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warning systems


Council rethink: new push for tsunami sirens

Map of Papamoa and Mount Maunganui tsunami evacuation zones.

Map of Papamoa and Mount Maunganui tsunami evacuation zones.

Tsunami warning sirens have shot back into contention as a major community issue for Tauranga - only six weeks after the city council decided to abandon them.

The devastation inflicted on Japan has ramped up pressure from Mount Maunganui and Papamoa ratepayer organisations, and even from within the ranks of the council where Bill Grainger had been the lone voice for sirens.

A quick poll of the Mayor and some councillors showed a strong preference to relook at sirens as a way to warn the city's vulnerable coastal suburbs.

Mayor Stuart Crosby today said the council needed to find the most effective mechanisms and if that required a rethink of sirens, then that's what would happen.

Leading the charge is the Papamoa Progressive Association which decided this week that sirens should be an important element in a mix of measures to alert people.

Newly elected chairman Steve Morris said more than six years had passed since the Indonesian Boxing Day tsunami of 2004, but still there was no alert system in place for Tauranga's vulnerable coastal suburbs.

"The community must have confidence in the tsunami warning system. Here in Papamoa, people want to hear sirens."

Previous tests using fire station sirens showed they were confusing and not enough people heard them. He favoured new super-loud sirens with their own special tone.

Mr Morris said the most likely source of a tsunami generated near the Bay of Plenty would be from an earthquake along the Kermadec Trench, halfway between East Cape and Tonga. It would give very little warning time.

A tsunami less than half the height of the one which struck Japan has been dubbed a "worst case" tsunami by the Bay's Civil Defence planners.

It would inundate Tauranga's lower-lying areas closest to the dunes or harbour margins, while an "extreme" 6.75m surge would flood the entire coastal strip and the rest of the city's harbour margins - hitting 19,000 homes and forcing 35,000 people to flee for their lives.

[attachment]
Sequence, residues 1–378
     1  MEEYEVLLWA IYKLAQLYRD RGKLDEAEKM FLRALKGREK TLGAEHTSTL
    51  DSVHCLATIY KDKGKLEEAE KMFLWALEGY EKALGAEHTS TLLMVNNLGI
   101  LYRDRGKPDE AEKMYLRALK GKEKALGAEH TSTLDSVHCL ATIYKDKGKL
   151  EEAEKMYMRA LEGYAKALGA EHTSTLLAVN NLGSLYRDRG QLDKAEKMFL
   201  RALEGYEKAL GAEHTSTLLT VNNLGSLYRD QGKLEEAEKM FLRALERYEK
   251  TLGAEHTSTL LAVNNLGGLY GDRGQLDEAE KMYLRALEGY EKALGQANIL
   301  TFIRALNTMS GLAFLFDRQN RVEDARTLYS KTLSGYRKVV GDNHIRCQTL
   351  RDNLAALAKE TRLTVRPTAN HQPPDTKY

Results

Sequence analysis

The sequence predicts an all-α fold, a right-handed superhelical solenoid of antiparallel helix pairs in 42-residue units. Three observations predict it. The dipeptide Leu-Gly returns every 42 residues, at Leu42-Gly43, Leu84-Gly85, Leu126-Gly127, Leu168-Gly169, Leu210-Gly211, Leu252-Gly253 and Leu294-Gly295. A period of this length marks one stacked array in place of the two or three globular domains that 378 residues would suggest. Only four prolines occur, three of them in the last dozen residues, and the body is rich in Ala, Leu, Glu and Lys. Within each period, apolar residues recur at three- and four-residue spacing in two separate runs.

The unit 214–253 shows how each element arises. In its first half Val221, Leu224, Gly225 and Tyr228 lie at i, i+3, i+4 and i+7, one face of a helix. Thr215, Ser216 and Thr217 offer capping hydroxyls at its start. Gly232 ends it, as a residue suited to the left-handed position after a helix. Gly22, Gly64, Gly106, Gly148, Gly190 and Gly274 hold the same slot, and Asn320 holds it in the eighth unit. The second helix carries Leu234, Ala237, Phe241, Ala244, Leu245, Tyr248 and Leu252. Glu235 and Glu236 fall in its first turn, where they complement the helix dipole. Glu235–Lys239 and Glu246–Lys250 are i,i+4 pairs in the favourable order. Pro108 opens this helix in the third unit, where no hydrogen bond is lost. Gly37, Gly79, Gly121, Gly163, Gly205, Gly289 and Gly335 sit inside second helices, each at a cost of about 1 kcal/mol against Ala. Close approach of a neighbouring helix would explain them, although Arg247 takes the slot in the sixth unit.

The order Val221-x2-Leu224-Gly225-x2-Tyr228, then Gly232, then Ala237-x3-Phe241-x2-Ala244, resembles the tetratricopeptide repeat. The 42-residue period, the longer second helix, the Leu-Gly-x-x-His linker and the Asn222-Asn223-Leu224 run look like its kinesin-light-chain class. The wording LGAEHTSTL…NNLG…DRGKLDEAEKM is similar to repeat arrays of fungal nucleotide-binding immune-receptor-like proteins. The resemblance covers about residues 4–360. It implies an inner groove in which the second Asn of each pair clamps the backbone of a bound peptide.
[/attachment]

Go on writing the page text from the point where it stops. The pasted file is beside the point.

The Bay of Plenty Times last August published a map showing this projected devastation and has today reprinted it after the Japan disaster and controversy surrounding sirens in the Bay.

The association intends heeding the advice of Cr David Stewart, who attended Monday's meeting and make a submission to the council's 2011-12 annual plan. Submissions open on March 21.

Cr Stewart said safety was of paramount importance and whatever system gave the widest coverage and alerted the greatest number of people was what the council should aim for.

Sirens were easy to grasp, which was why people focused on them, but he said the council needed to test the advice it received from Civil Defence experts on the best systems to alert people. "People panic when they hear a siren. They jump in their cars and head for the hills."

Mount Maunganui Progressive Association chairman David Burnett said the Japanese experience had shown that Tauranga needed to take tsunamis "a hell of a lot more seriously". He liked the idea of sirens running in tandem with other measures supported by the council six weeks ago, including Readynet - a system which alerts specific areas and groups of people by email and text messages.

Cr Murray Guy originally voted for the new system earlier this year which dropped sirens in favour of a package which included non-rate funded remote controlled household alarms.

He said January's decision had been based on affordability but he now preferred coupling sirens with other technologies.

Judging by his informal talks with other councillors, Cr Guy expected the emphasis to swing back to sirens.

Cr Tony Christiansen said he was starting to change his views on sirens and that going back to the old air raid sirens might be best.

Cr Catherine Stewart said that she said at January's meeting that sirens had a place because they could be widely heard. "I would be happy to revisit it."

Cr Rick Curach was impressed at how loudly the sirens could be heard on the footage from Japan and some investigation needed to happen. "A lot of people who heard the sirens (in Japan) were asking, where are ours?" Cr Curach said.

Cr Wayne Moultrie said sirens were not the sole answer and that the council needed to take expert advice.